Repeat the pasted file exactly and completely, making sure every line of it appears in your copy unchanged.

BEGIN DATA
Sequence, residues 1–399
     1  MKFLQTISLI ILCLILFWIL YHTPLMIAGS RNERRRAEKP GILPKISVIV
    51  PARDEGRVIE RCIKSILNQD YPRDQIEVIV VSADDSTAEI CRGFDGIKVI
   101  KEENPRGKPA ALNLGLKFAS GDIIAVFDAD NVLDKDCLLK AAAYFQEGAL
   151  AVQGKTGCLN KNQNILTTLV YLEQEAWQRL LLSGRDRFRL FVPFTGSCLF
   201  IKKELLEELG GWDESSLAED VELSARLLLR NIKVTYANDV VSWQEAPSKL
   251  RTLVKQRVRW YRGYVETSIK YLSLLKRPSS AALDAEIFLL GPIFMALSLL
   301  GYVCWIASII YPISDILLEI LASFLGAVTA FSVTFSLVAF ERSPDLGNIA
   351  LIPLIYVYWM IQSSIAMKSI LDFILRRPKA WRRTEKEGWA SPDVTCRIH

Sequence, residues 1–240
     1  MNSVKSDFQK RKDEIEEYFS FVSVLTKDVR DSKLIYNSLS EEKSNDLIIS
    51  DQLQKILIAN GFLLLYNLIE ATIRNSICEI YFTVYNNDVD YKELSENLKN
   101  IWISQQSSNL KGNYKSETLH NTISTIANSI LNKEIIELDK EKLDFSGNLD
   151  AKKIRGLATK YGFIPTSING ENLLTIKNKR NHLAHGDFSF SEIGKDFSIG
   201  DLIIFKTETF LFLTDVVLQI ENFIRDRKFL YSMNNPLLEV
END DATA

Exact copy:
Sequence, residues 1–399
     1  MKFLQTISLI ILCLILFWIL YHTPLMIAGS RNERRRAEKP GILPKISVIV
    51  PARDEGRVIE RCIKSILNQD YPRDQIEVIV VSADDSTAEI CRGFDGIKVI
   101  KEENPRGKPA ALNLGLKFAS GDIIAVFDAD NVLDKDCLLK AAAYFQEGAL
   151  AVQGKTGCLN KNQNILTTLV YLEQEAWQRL LLSGRDRFRL FVPFTGSCLF
   201  IKKELLEELG GWDESSLAED VELSARLLLR NIKVTYANDV VSWQEAPSKL
   251  RTLVKQRVRW YRGYVETSIK YLSLLKRPSS AALDAEIFLL GPIFMALSLL
   301  GYVCWIASII YPISDILLEI LASFLGAVTA FSVTFSLVAF ERSPDLGNIA
   351  LIPLIYVYWM IQSSIAMKSI LDFILRRPKA WRRTEKEGWA SPDVTCRIH

Sequence, residues 1–240
     1  MNSVKSDFQK RKDEIEEYFS FVSVLTKDVR DSKLIYNSLS EEKSNDLIIS
    51  DQLQKILIAN GFLLLYNLIE ATIRNSICEI YFTVYNNDVD YKELSENLKN
   101  IWISQQSSNL KGNYKSETLH NTISTIANSI LNKEIIELDK EKLDFSGNLD
   151  AKKIRGLATK YGFIPTSING ENLLTIKNKR NHLAHGDFSF SEIGKDFSIG
   201  DLIIFKTETF LFLTDVVLQI ENFIRDRKFL YSMNNPLLEV